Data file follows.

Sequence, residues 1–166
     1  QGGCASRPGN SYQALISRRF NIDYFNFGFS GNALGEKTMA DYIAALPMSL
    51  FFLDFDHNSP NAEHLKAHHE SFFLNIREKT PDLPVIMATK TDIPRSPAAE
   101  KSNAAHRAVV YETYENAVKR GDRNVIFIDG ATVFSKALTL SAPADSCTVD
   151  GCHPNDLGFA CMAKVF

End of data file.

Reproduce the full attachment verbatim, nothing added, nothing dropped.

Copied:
Sequence, residues 1–166
     1  QGGCASRPGN SYQALISRRF NIDYFNFGFS GNALGEKTMA DYIAALPMSL
    51  FFLDFDHNSP NAEHLKAHHE SFFLNIREKT PDLPVIMATK TDIPRSPAAE
   101  KSNAAHRAVV YETYENAVKR GDRNVIFIDG ATVFSKALTL SAPADSCTVD
   151  GCHPNDLGFA CMAKVF